How to start e-Commerce

Online selling can seem complex if you’ve never done it before, so a key question is how to start e-Commerce? We recommend you understand the key e-Commerce channels first. Then, look at what online shoppers actually want. And finally, make sure your product range is set-up for success when it appears in an online store. 

How to start e-Commerce

The rise in e-commerce has created huge disruption to the traditional retail model. Online shoppers now have access to almost any product they want from anywhere in the world. They have this shopping access 24 hours a day, 7 days a week. And all they need is an internet connection.

Online shoppers have new expectations on services like delivery, promotions and after-sales support. They have total visibility of your prices and your competitor prices without even having to get up off the sofa.

So, with this background, there are three areas that will help you with how to start e-Commerce.

Understand the main e-Commerce channels. Build your knowledge of what online shoppers want. And get to grips with the basics of how to optimise how your product appears online

Three brains e-Commerce symbolic open shop sign

E-Commerce channels

There are three main types of e-commerce channel for you to consider.

Bricks and Clicks

Bricks and clicks are stores where the seller has physical stores as well as online stores.  These physical retailers extend their reach from a limited physical location by selling the same products online. The most obvious examples of this would be grocery. Most people still go to a grocery store to buy their food products, but almost all grocery retailers now have their own online store.


Breakfast cereal Woolworths online

These stores will take orders to deliver direct with a driver employed by the store. Or increasingly, they will offer ‘click and collect’ where the customer picks up their order from a special area in the store.

Pure Players

Pure Players are stores that only operate online. Often newer to market, they do not carry the overheads required to physically own and operate stores. They often compete either on price or service e.g. speed of delivery.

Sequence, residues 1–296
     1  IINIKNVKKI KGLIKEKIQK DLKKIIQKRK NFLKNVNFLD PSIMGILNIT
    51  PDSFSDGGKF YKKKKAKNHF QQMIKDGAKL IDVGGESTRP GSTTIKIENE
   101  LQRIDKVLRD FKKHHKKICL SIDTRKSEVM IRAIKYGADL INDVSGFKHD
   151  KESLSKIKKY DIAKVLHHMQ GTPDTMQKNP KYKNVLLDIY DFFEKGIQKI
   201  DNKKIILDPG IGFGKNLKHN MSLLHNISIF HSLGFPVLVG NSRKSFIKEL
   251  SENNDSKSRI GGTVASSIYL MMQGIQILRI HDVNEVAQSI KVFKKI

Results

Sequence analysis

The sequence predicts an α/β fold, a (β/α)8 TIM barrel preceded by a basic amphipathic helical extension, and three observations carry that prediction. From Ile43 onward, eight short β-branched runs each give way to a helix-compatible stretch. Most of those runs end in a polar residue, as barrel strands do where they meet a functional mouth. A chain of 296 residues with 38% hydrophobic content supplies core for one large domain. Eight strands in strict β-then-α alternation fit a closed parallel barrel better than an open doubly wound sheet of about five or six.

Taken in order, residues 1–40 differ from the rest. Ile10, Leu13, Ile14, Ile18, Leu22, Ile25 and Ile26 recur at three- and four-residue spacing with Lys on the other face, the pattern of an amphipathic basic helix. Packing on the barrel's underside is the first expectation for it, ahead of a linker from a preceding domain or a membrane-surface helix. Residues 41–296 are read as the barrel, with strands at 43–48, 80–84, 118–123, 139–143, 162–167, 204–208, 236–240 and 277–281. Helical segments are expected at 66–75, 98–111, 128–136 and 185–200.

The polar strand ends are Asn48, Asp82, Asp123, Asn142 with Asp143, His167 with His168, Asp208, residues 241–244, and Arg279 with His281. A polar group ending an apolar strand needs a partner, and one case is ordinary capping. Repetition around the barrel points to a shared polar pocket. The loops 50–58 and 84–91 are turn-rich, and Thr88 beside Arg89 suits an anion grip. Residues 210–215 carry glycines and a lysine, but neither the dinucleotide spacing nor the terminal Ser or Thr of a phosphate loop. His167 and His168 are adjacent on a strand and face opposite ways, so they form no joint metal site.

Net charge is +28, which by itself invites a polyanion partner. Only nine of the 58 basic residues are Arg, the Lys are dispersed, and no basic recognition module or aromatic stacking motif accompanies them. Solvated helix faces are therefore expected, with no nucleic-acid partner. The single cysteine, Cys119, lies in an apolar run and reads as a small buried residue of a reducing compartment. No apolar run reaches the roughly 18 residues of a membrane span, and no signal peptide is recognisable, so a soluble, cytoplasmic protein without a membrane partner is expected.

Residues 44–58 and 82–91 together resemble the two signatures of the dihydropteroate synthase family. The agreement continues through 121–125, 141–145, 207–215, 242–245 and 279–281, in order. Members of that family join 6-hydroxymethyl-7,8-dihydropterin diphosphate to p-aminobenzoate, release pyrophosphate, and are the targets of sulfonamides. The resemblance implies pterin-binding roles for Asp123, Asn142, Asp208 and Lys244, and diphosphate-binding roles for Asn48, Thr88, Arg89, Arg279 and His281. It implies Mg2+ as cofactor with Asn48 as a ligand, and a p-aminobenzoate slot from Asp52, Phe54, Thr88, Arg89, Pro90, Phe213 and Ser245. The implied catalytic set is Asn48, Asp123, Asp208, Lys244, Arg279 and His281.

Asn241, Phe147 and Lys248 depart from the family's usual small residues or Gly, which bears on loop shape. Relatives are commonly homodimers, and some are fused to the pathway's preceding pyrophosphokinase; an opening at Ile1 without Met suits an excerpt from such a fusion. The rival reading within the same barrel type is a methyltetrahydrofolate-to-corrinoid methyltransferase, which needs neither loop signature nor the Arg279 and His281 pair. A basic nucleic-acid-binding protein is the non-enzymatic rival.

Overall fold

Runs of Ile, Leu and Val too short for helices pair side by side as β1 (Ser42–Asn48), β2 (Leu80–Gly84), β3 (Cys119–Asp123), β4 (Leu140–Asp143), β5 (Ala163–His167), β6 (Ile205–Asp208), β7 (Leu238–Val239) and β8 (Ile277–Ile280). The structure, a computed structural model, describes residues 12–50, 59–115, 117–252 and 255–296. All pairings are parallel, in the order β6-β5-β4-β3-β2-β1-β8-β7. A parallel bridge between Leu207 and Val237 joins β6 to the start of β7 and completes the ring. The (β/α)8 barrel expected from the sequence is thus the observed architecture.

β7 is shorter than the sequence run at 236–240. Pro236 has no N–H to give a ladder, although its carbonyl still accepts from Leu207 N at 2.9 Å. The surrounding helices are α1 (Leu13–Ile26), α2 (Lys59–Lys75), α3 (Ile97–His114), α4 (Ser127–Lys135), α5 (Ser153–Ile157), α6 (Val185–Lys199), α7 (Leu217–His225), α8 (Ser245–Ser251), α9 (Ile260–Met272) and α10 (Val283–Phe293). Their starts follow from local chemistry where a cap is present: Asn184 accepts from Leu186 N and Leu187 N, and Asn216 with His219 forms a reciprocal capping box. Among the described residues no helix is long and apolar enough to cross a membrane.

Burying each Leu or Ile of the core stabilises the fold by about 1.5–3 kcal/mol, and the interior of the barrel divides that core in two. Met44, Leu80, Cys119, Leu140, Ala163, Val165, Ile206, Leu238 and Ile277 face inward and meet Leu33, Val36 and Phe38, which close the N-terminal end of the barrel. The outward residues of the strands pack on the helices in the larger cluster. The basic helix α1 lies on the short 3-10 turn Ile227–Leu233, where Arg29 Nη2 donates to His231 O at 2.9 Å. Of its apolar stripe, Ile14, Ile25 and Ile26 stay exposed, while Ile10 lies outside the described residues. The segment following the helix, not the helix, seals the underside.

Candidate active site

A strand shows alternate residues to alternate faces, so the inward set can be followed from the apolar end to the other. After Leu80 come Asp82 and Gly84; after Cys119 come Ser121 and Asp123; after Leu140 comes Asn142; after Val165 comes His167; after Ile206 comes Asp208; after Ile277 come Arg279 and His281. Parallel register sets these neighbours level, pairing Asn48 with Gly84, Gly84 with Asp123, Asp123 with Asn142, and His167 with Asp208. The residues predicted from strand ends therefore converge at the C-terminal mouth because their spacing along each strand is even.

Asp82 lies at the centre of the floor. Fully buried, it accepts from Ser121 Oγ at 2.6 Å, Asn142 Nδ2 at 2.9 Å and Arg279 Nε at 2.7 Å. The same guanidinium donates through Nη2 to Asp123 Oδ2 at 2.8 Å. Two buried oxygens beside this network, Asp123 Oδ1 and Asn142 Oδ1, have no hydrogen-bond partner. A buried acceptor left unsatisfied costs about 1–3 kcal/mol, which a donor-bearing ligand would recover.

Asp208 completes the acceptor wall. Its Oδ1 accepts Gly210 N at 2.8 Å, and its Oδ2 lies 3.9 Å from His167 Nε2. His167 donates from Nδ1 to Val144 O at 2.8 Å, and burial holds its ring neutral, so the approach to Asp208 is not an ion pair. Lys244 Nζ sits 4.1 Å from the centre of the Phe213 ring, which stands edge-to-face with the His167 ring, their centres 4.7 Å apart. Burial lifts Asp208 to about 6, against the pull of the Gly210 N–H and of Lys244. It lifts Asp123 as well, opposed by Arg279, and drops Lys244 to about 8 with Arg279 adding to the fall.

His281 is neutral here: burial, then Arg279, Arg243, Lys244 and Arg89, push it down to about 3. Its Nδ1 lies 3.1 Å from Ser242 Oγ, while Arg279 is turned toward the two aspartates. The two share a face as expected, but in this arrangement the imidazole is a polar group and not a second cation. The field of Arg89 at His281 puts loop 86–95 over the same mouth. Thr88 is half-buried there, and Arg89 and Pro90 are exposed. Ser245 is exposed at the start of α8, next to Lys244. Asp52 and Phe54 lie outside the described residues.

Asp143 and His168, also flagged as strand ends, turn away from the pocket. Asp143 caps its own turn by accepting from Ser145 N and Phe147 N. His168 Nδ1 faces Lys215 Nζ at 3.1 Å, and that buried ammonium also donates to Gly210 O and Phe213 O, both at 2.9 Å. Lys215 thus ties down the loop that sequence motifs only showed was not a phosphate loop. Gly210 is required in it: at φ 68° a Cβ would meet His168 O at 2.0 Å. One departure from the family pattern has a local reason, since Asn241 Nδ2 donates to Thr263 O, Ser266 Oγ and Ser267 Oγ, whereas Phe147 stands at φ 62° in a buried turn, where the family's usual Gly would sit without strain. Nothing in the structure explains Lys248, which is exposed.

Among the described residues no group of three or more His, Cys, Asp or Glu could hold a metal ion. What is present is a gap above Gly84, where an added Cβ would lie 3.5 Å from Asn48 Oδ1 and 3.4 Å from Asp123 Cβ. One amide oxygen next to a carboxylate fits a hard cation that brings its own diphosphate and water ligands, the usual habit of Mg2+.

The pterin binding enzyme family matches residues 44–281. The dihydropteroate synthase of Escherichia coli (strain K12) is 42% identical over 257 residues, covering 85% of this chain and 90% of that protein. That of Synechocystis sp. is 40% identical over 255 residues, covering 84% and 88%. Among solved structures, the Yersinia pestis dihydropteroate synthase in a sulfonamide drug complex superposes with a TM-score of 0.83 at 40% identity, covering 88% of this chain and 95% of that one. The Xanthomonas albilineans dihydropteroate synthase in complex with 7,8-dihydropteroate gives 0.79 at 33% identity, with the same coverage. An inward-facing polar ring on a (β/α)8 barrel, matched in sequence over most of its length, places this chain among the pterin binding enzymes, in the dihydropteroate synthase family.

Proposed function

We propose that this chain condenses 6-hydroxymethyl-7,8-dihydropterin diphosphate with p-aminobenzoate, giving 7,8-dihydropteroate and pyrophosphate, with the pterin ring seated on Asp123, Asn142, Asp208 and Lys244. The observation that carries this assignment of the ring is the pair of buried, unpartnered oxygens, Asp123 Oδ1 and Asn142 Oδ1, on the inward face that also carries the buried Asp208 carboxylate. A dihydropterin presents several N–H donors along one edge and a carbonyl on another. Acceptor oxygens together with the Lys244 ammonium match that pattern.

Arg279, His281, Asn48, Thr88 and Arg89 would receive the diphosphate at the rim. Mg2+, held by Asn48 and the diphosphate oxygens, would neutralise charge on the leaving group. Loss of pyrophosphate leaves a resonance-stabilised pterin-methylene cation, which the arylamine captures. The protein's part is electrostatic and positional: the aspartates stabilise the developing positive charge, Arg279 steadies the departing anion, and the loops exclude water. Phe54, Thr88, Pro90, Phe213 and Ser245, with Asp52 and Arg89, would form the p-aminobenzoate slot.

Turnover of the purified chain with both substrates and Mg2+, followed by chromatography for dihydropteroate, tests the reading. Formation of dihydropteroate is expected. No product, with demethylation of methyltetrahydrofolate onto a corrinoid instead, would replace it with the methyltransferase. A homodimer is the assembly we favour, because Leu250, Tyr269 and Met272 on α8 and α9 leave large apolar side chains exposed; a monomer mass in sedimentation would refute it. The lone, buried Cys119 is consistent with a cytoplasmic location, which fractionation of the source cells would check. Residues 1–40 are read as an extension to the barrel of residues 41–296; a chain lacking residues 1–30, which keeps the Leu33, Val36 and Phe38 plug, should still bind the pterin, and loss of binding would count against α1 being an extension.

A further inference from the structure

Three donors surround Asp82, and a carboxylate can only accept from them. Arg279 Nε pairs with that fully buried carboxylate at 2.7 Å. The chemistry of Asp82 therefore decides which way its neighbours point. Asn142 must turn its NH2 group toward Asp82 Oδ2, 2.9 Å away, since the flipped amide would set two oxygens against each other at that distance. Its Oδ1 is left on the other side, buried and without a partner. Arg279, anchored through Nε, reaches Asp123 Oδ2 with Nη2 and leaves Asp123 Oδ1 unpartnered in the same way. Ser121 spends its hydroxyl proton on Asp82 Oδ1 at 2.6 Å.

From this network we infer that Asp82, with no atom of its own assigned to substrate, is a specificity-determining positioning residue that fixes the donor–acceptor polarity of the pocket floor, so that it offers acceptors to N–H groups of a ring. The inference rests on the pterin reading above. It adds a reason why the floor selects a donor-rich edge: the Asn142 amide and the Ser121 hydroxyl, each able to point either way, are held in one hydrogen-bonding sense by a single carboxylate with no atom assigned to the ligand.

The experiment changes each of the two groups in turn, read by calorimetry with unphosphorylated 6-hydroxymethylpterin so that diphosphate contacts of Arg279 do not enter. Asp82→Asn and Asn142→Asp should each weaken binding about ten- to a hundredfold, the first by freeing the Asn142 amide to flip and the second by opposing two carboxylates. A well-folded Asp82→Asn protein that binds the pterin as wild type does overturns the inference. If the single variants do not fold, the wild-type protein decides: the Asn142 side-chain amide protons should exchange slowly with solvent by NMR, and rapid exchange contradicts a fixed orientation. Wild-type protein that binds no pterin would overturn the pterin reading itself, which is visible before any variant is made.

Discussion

Amazon have historically been the most famous pure player. You can read our guide to working with online retailers and in particular Amazon in one of our other e-commerce articles. We also recently posted an article on our blog about why working with Amazon can be really challenging.

Amazon logo on phone


A variation on the Pure Player is the marketplace model, where an online host – again, Amazon, but also EBay and in Asia Taobao allow third parties to operate their own stores within the bigger site. Think of this model like the marketplace owner owning the shopping mall and renting out the space to the various store owners within the mall.

Direct to Consumer (D2C)

D2C is the final e-commerce model, where you sell direct. No third retailers involved.

You set up your own online store and all the back-end delivery systems to get the product to the consumer. This is a growing trend for start-ups and bigger organisations. It gives more control over the channel and avoids having to give away margin to third party operators but does bring more complexity.

The online shopper

When you are clear on where people might shop online, your next step is to understand the online shopper more.

You should carry out some market research to online shoppers in your target audience if possible.

What drives them to purchase online?

If you understand what drives their attitudes and behaviours, you are more likely to create an online shopping experiences that leads to purchase. 

Three brains e-Commerce online purchase with credit card

There are many reasons for online shopping. But the three reasons we hear most frequently are :-

  • Ease and convenience – Touching the screen on your phone to order a product is just more convenient than physically visiting a store.